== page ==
Wednesday, May 7, 2014

Where Did America Come From? Where Is It Going? Columbus, Capt. John Smith, and My American Literature Survey Class



            I just finished teaching my first session of American Literature Survey. Each class is different; each class is a blessing. These students—in this particular and unique case, all young women—are a cross-section of South Florida: mainly Haitian-American and Hispanic-American, full of energy, ambition, and eager to learn. They will mainly enter Health Sciences fields, and I am quick to inform them, only half-joking, that, as a member of the Baby Boom Generation, my cohort, the largest demographic bulge this country’s medical infrastructure has ever sustained,  will be privileged to use their services. Then, we buckle down to our task: to master a good portion of American Literature—hundreds of years of writings—in a month’s time, wherein a panoply of American Writers will attempt to “explain ourselves to ourselves”—that is, What is America?
            “America is unique,” I tell them, “A country founded by, but in reaction to, Europe.”
 I tell them my personal story—how, in 1904, the King of Russia drafted a young, 18-year-old Jewish man named Jacob into his army, and told him, “Jacob, go fight the Japanese.”
            “Jacob did not want to fight the Japanese,” I tell them. “He had never met any Japanese people; he had no quarrel with them. He was already in the army camp. But one night, someone he knew—a cousin, an uncle, someone—helped him to jump the fence. He made his way to Hamburg, in Germany—this was long before the Nazis—and he got onto a steamship, and came to America. That young man was my grandfather. And because of the decision he made, I am standing here in front of you, speaking in English. I could be speaking Hebrew in Tel-Aviv, Israel; I could be a sad little pile of ashes in Poland.
            “The decisions you make in your lives,” I continue, “Whom you marry—where you live—what sort of job you decide on—will have an amazing effect on the future, on everyone’s future. And so far, you’re doing the right thing: you’re in university, studying to better yourselves. I know you may have heard that a college degree isn’t worth it: believe me, it is. My father was the first one in his family to go to college, and he went on to get a Master’s. You might want to think about that, as well. Do it while you’re young; if you can, do it before you have a family (I have no way of knowing how many of them already have a family.). You’re doing the right thing.”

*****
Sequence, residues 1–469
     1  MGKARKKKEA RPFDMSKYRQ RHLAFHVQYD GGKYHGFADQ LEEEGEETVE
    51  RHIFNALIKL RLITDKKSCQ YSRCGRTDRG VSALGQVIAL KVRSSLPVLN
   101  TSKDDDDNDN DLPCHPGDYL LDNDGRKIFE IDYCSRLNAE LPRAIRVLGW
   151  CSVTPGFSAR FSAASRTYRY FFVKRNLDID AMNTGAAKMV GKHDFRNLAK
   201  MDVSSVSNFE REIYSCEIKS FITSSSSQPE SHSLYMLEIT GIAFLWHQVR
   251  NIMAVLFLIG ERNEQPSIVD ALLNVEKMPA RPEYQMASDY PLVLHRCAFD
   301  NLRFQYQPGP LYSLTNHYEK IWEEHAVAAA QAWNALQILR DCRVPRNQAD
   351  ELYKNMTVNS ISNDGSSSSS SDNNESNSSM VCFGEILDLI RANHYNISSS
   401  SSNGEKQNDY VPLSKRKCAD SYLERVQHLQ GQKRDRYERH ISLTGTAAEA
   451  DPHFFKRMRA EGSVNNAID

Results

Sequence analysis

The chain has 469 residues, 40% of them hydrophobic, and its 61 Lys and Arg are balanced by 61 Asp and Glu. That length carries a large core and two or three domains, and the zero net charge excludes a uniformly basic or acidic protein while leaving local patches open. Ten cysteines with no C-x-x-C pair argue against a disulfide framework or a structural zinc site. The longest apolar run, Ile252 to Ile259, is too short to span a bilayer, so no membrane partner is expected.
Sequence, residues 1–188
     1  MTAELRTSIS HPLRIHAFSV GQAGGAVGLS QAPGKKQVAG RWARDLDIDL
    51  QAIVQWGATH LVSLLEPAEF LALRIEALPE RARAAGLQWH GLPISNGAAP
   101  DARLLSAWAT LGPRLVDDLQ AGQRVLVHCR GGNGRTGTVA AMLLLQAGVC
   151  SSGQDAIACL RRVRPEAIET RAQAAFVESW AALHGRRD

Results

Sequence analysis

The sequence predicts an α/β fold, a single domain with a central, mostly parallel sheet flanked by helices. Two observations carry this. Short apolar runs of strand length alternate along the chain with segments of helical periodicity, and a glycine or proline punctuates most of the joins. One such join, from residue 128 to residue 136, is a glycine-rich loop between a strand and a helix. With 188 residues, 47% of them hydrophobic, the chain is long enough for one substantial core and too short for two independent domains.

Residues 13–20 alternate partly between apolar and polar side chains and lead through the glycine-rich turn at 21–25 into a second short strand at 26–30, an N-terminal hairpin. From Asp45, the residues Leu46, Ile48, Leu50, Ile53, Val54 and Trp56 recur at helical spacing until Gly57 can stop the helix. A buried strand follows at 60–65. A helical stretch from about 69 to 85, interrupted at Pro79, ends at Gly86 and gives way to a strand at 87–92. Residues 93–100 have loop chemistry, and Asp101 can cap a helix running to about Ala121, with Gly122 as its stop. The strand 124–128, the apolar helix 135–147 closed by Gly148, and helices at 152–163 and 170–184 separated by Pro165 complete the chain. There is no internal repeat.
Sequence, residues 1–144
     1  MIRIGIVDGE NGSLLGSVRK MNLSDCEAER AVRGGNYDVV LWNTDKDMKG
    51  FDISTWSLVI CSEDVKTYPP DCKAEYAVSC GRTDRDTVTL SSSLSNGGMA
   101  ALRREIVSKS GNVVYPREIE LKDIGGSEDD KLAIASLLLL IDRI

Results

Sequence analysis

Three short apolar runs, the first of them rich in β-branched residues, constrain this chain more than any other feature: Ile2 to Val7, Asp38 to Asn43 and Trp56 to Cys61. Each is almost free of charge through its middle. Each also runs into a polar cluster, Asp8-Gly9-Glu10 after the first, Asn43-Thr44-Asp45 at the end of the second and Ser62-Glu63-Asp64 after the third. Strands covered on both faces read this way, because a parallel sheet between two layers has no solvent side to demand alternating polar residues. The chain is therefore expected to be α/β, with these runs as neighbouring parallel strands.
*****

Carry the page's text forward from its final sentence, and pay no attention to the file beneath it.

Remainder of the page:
I tell them that I’m both a Jew and a rabbi, a Jewish minister—probably the first one that they’ve ever had a conversation with. We talk about stereotypes; I write the word on the board, and we talk about what it means. One student talks about when she worked in a Jewish restaurant; it wasn’t a good experience. We talk about that.
            “Those of you who have worked with older Jews, and saw that they have jewelry, may think that all Jews are rich,” I say. “That is not true. Those Jews worked very hard for their money. When you get out there in the world, you will also work very hard, and you will one day have the money to buy jewelry; I promise you. America is different.”
            I tell them about how, in Europe, it was not unusual for Jews to go home after a day’s work and find a sign on their door that said, “All Jews Out!”
            “If you found such a sign on your door,” I said, “Would it be better if you owned land, real estate, or jewelry?”
            “Jewelry,” they say, “Because if you have land, it takes time to sell it.”